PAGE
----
Marketing professionals almost universally acknowledge customer experience personalisation as an essential element of any complete marketing strategy.
The universal appeal of customer experience personalisation is easy to understand because so many of us have firsthand experience with the positives of personalisation and the negatives associated with customer anonymity. We all are ultimately buyers, and we all know the difference between a positive and negative customer experience.
Today, customer experience personalisation is more than a “nice-to-have” concept; it has become a requirement for selling success.
Nicole Bernier, of Aberdeen, explains this necessity in a recent Aberdeen blog. She says, “We’ve reached a new era of personalised customer experiences. Personalisation is now integral to the customer journey. It’s a key driver of brand loyalty, and 96% of marketers believe that personalisation helps to advance customer relationships.”
The key to harnessing the power of personalising the customer experience is found in data – the data we collect during business transactions, website visits, inquiry messages received, support and technical communications and of course, demographics.
The Marketing Case for Customer Experience Personalisation
If you are still a skeptic, consider these four pillars that support the case for personalisation.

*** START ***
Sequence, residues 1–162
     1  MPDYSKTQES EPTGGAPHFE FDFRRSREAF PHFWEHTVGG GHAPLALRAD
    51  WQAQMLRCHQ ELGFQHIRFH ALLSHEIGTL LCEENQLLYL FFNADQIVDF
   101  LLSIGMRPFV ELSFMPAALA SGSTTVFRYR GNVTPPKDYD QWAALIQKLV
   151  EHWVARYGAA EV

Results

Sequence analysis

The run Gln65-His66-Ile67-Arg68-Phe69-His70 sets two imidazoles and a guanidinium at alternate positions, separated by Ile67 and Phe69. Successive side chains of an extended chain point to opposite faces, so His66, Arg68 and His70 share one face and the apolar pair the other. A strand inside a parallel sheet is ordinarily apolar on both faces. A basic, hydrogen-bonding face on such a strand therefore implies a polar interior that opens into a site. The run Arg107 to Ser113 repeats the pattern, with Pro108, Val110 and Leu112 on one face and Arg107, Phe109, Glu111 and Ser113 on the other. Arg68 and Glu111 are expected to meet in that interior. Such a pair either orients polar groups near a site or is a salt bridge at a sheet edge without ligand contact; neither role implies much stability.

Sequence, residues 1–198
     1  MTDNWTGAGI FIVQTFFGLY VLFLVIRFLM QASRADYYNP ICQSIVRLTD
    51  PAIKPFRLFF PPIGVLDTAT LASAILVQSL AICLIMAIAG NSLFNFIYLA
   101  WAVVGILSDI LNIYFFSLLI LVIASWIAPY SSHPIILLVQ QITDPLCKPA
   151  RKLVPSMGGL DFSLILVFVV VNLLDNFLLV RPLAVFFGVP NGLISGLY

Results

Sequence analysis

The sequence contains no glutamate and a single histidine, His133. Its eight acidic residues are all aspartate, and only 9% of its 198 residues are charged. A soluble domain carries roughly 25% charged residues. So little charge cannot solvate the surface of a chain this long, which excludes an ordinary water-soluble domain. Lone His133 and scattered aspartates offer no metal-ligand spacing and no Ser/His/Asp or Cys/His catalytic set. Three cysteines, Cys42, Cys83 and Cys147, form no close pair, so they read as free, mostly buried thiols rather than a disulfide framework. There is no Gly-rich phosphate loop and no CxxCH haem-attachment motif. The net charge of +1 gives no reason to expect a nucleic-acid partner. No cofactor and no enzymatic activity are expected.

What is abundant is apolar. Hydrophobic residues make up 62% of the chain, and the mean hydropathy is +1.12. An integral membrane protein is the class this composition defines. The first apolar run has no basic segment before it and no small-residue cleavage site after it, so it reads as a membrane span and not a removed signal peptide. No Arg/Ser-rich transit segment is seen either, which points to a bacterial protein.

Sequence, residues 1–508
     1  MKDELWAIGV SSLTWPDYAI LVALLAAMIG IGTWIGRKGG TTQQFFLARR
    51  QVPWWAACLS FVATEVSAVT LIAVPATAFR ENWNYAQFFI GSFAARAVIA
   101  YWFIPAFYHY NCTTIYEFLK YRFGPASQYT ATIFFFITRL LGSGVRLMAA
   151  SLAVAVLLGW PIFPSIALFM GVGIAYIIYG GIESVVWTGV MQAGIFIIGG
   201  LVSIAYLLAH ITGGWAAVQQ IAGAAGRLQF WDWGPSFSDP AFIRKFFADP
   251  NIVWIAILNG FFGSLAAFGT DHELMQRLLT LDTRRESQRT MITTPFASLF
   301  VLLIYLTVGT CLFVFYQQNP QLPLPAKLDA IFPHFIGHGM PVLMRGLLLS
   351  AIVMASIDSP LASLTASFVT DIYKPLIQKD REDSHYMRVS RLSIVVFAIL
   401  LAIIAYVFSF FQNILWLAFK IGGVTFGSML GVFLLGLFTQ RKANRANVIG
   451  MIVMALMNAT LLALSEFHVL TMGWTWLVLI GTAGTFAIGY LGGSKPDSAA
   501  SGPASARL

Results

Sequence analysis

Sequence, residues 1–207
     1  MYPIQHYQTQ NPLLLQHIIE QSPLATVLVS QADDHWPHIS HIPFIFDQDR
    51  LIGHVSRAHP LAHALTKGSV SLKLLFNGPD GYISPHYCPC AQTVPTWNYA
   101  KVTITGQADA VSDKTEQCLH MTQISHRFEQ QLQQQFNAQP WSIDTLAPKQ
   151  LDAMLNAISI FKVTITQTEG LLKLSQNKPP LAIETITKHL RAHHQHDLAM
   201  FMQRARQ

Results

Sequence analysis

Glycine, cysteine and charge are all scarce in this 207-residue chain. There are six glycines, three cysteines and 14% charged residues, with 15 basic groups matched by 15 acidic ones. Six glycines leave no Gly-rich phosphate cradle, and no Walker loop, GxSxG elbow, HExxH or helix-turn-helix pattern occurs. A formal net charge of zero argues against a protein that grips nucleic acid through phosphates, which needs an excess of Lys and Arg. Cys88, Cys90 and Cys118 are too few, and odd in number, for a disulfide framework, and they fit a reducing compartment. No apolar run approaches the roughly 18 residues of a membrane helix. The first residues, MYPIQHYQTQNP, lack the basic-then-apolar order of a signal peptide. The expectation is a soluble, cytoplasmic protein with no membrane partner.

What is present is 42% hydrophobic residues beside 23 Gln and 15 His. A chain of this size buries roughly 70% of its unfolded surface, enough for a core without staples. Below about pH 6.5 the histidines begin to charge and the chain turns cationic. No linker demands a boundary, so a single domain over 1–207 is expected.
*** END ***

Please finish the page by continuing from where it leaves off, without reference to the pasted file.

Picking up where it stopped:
- Increased Revenue and Sales – Personalisation makes the content offered and received by prospects and customers more relevant to their specific needs. Regardless of sales cycle phase, giving the prospect what they need to accomplish their goals is going to move them toward a decision faster and more decisively than anything else you can do.
- Increased Conversion Rates – By delivering content in context with the recipient’s persona and understood needs, you will be more likely to move that visitor to a qualified lead status faster and more consistently than simply allowing them to browse around randomly looking at large and diverse collections of white papers, product sheets and user stories.
- Customers Expect It – Prospects and customers, like the rest of us, have little time to sort through massive amounts of content in order to extract useful information, nor do they want to explain their needs several times as they move through a tree of contacts that call-reception systems offer. They expect to be “known” if they’ve done business with you, and they expect to be understood in terms of their needs if they are still prospects.
- Better Engagement – There is nothing better than knowing that the person you are communicating with “hears” and understands what your issue is. It doesn’t matter if the call is related to discussing a complex product, handling a complaint or unknotting a colossal billing or shipping error. Callers who confidently feel they are being understood will feel positive about the communication in which they are engaged.
Data Drives Personalisation
Customer experience personalisation strategies start with three specific elements that can be applied to everything from ad content to selling scripts and web content and organisation of that content.